Now, it can also bind on selenium groups. The only thing that binds mercury stronger than a sulfhydryl group is a selenol group, which is selenium with a proton on it. And there are analogs of sulfhydryl groups called selenols. So there’s cysteine and then there’s selenocysteine, and selenocysteine is put into some very special antioxidant molecules, like glutathione peroxidase and thioredoxin reductase. One of the targets of mercury are these enzymes, thioredoxin reductase and glutathione peroxidase, and when you knock out all of the thioredoxin reductase, it’s very damaging to the organism because it stops you from being able to replicate DNA and it stops a number of different processes, and so it’s very toxic to the body. And what you need is a constant supply of selenium to then rebuild that thioredoxin reductase and the glutathione peroxidase, these things called selenoenzymes. So selenoenzymes are one of the targets of mercury, but not the only target. And so if your diet is high in mercury and low in selenium, you quickly deplete these selenoenzymes, and that becomes a major aspect of the toxicity of mercury in that situation, where you’re low selenium, high mercury.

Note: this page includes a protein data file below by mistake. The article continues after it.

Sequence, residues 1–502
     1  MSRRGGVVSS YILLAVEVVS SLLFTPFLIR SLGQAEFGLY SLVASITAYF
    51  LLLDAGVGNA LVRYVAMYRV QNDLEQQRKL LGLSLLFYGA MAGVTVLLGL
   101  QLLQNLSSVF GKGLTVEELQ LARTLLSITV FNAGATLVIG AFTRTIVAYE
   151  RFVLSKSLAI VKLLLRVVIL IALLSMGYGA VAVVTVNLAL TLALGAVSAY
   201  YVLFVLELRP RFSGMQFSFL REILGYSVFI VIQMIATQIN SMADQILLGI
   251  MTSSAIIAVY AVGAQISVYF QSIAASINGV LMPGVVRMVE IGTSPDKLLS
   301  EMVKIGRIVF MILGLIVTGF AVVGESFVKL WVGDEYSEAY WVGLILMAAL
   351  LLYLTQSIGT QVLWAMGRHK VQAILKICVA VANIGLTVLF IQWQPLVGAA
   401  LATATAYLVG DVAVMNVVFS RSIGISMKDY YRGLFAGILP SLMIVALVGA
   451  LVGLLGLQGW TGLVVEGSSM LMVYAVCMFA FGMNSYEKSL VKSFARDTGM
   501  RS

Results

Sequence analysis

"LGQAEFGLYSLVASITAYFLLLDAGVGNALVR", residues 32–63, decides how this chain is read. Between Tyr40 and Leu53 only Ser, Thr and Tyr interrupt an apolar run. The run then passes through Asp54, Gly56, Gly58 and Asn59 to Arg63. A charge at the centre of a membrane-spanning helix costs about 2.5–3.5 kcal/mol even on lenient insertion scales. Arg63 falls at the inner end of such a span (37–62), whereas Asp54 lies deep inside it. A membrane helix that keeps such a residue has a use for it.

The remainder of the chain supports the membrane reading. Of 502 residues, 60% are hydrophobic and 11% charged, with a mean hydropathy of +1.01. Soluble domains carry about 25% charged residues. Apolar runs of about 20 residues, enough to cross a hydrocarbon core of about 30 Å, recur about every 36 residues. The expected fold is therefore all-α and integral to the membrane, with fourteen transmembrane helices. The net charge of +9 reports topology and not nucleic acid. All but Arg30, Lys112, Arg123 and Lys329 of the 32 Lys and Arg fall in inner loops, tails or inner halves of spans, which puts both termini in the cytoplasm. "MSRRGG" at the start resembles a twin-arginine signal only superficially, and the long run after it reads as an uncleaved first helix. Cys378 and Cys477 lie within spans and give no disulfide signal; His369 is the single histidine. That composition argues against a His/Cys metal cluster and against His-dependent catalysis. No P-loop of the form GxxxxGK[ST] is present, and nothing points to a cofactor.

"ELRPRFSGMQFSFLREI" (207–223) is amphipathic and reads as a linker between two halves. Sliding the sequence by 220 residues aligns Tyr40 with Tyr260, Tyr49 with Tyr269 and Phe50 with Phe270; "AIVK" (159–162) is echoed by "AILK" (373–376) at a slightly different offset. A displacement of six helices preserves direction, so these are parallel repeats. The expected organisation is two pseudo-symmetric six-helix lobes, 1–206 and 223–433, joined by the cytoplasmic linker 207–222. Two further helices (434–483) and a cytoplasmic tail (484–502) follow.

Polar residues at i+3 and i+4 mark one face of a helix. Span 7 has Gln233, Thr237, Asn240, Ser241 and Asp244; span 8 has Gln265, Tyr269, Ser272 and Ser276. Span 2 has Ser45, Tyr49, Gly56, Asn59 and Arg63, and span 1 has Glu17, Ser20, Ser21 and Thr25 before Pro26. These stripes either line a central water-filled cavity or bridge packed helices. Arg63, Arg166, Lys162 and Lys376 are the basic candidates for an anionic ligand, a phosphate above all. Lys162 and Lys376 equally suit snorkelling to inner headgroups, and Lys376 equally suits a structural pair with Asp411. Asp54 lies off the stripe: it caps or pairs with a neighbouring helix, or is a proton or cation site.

Now, Nick Ralston had been doing some very nice studies where he was selenium depleting—and this is the part that is not conveyed right—he was selenium depleting mice and then feeding them mercury, and they had these toxic manifestations, very bad ones that would kill them eventually. And then he would slowly bring up their selenium status, and they would be less reactive to that mercury. And so when you look at that, it looks like selenium protects you from mercury toxicity, but what it is is that selenium depletion makes you more susceptible to mercury toxicity.